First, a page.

Brimming with success another litre of colour was ordered and as the fourth week of ‘stay at home’ began, a message from Neil at Walton Works lifted my spirits; in just 24 hours he had constructed both wheels and they were ready to return. Other parts though failed to arrive, the handlebars from Basildon ended up coming via China so in the current climate I cancelled those; a smart decision when my seat provider Alchemy came up with some bespoke adjustable bars which were sent out ‘tout sweet’. In the days that followed, nothing worth watching on TV apart from re-runs of ‘Carry on Screaming’ which confirmed everyone’s current hairstyle should be called the ‘Oddbod’. Meanwhile, some chap on the radio had taken to removing his own teeth because the dentists are closed. Amongst my stash of biking ‘must haves’ a bag of fresh caged bearings for the headstock (no idea where they came from), but this allowed the forks to be re-installed with freshly greased springs.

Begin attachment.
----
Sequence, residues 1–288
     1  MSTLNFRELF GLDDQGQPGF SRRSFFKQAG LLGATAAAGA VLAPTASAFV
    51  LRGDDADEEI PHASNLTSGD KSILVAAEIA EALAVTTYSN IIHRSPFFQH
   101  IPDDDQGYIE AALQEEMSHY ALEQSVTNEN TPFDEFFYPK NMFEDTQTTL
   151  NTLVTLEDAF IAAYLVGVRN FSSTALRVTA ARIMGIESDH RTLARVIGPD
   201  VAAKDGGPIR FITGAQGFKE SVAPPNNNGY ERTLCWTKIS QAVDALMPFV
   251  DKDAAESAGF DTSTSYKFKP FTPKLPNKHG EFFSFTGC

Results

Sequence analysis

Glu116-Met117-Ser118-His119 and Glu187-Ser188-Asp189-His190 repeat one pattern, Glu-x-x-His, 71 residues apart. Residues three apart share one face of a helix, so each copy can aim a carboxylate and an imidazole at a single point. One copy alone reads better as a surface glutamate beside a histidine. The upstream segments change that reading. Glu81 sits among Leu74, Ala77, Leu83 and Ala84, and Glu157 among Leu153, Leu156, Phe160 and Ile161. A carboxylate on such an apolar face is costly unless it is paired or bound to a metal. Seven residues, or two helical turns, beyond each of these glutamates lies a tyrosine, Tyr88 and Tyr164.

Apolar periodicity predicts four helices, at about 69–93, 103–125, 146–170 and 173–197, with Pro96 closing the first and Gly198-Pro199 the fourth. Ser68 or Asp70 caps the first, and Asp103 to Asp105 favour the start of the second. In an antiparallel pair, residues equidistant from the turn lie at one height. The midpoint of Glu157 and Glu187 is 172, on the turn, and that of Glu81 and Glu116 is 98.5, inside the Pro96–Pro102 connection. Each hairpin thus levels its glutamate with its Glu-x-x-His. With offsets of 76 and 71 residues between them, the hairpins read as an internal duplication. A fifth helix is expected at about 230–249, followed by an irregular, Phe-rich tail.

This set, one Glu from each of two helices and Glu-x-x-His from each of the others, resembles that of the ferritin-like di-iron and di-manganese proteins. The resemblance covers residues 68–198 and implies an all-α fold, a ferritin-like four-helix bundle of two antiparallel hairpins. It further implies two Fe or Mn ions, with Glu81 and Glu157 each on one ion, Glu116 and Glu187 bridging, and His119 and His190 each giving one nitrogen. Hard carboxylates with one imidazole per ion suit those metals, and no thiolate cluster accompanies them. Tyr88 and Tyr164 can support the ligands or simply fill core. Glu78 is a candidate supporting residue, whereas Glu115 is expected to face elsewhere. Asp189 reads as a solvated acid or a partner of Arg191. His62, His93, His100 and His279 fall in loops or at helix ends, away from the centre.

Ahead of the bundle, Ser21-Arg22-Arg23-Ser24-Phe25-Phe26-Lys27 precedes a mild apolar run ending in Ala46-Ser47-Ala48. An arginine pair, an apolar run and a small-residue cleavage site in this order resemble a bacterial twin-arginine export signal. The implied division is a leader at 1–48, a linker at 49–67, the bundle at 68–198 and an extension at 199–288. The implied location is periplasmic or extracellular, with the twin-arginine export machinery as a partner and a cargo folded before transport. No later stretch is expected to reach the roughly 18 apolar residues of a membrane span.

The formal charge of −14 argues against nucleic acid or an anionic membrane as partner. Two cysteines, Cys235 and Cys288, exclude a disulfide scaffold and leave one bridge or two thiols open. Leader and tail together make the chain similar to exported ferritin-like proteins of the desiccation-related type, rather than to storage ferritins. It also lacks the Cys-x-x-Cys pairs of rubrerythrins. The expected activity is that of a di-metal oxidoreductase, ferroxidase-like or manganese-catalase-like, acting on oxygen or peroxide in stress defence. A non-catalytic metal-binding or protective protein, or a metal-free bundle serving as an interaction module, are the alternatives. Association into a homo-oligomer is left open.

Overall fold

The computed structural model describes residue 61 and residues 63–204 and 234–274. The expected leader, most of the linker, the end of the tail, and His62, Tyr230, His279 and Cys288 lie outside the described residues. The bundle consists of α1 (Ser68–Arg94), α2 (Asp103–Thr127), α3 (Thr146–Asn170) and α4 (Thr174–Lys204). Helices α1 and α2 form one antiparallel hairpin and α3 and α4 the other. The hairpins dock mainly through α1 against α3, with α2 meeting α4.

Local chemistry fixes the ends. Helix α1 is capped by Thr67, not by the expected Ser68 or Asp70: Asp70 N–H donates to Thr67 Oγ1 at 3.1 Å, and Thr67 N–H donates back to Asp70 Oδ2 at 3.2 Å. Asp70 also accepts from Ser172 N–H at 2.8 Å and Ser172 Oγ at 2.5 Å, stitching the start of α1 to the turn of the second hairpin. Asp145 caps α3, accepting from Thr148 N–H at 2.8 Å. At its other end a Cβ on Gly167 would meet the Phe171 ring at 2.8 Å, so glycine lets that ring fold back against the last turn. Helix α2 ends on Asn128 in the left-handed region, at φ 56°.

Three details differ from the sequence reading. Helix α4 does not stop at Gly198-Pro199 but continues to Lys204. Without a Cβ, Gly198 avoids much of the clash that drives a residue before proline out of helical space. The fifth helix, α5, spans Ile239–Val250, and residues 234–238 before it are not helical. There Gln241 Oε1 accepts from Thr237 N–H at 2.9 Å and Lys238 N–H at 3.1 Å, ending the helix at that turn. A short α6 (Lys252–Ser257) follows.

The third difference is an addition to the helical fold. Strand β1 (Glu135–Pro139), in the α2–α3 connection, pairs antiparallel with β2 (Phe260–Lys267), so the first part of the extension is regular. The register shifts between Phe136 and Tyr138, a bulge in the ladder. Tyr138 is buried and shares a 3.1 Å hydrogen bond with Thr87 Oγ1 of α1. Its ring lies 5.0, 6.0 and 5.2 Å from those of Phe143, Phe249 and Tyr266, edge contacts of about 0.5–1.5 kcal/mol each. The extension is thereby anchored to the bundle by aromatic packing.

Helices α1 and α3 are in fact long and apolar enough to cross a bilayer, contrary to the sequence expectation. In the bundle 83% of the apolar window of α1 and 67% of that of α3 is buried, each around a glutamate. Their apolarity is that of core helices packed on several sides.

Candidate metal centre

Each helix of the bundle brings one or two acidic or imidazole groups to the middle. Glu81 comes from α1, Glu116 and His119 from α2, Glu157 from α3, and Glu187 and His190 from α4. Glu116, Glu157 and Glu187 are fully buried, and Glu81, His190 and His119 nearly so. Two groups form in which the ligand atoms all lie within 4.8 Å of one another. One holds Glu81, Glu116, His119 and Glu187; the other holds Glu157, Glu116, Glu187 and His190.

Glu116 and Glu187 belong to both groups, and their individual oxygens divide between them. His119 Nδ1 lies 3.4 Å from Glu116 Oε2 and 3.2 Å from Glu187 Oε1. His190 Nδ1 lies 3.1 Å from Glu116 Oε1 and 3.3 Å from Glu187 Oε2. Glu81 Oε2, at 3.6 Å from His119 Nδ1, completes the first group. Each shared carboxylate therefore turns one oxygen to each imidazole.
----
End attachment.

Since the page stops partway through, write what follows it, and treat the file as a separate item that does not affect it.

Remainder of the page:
The tank again proved an issue, as by filling both sides where the ‘Honda’ badge attached, getting the perfect shape proved elusive; chasing perfection often made the situation worse and several dozen skims later, well it was almost there. A month post-lockdown was marked with a delivery bonanza, not just the rather clever handlebars from Alchemy but also the rebuilt wheels via Walton Works and Mopedland. Now, that to-do list doubled in one moment, and the first job required old-style wheel bearings, packed in grease with a ‘take your time’ philosophy. Following the parts book diagram axel spacers, washers and nuts were fitted in the correct order and the front wheel with fresh rubber was ready to install within the hour; the rear was a different story. Not for the first time, I managed to catch the inner tube whilst fitting the new tyre and was later forced to call upon the Park Tool Super Patch Kit. How things have changed since the days of Chopper Bikes and crap fashion; just sandpaper the tube, peel a patch and attach. With the front wheel in, my able assistant was forced to briefly lift the rear of the frame so the centre stand could be attached and the Goped stood tall, although it still will not win any beauty contests.